Every day beneath the streets of London, sewer technicians are fighting a grim war against giant ‘fatbergs’ which clog the system and threaten to regurgitate putrid waste back into people’s homes.
The problem gets worse at Christmas, when two extra Olympic-sized swimming pools of turkey fat are poured down Londoners’ sinks.
Most residents are unaware that their actions help create fatbergs — the nickname for stinking boulders of cooking fat, congealed with everything from wet wipes to sanitary towels and condoms, which block the sewers a few metres below their dining tables.
The problem of congealed fat clogging up Thames Water’s 43,500 miles (69,000 kilometres) of sewers in London and southeast England is getting worse.
But in the heart of central London, a few hundred metres from Downing Street and Trafalgar Square, the fatberg fightback is on.
– Vile, eggy stench –
The sewers — a confined, pitch-black underworld crawling with flies and worms where staff walk through a deep seam of rotting fat and excrement — are many people’s idea of hell.
But this is where Vince Minney, a supervisor from the Thames Water authority, has made his living for the past 24 years.
Wearing waders and a white protective suit, Minney, 54, climbs into a tiny manhole in the road and descends seven metres on a fixed ladder into the putrid bowels of the city.
The flow of human waste in the sewers is not the problem, he said — it’s the heavy “blanket” of congealed fat stuck on top.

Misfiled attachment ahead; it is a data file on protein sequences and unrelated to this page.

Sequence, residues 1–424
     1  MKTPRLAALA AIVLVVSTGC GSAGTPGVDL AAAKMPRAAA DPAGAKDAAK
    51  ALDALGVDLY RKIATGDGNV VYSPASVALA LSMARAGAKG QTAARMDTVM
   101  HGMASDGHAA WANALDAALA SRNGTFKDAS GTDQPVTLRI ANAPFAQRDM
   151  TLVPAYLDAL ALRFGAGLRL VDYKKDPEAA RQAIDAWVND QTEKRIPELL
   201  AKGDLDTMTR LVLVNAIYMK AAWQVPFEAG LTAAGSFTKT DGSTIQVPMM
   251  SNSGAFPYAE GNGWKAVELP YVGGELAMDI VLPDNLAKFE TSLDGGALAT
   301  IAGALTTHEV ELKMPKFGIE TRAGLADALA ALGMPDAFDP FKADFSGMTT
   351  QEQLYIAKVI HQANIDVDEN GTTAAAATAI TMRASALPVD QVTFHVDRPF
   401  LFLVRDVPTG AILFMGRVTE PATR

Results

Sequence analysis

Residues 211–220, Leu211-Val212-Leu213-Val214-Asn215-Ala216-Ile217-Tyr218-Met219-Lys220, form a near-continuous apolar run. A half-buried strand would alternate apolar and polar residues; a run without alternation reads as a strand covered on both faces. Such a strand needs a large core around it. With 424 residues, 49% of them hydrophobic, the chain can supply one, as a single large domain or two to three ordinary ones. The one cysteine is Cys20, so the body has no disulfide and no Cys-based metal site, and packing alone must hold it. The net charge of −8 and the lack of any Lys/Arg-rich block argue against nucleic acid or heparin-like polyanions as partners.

Minney and his team break up the fatbergs using spades or high-pressure water jets.
Fungi grow on the crust, which looks like solidified vomit. Walking through it leaves a wake like an icebreaker ship.
Each spade chop unleashes the effluent beneath, releasing the revolting stench of hydrogen sulfide which can cling to a worker’s body for up to two weeks.
Getting splashed with anything in the sewers is no fun, either.
– City beneath a city –
A good sense of humour and plenty of dedication is required to work in the sewers, which date back to the 1860s.
Like taxi drivers who take years to learn “The Knowledge”, covering the location of every street in central London, getting to know their layout requires devotion.
The congealed fat, whether sucked out by technicians or broken up and flushed downstream to a treatment works, ends up in landfill.
Thames Water says it sees some 80,000 fatberg blockages per year which cost Â£1 million ($1.6 million, 1.3 million euros) a month to clear. Some 7,000 of their customers experience sewer flooding in their homes as a result.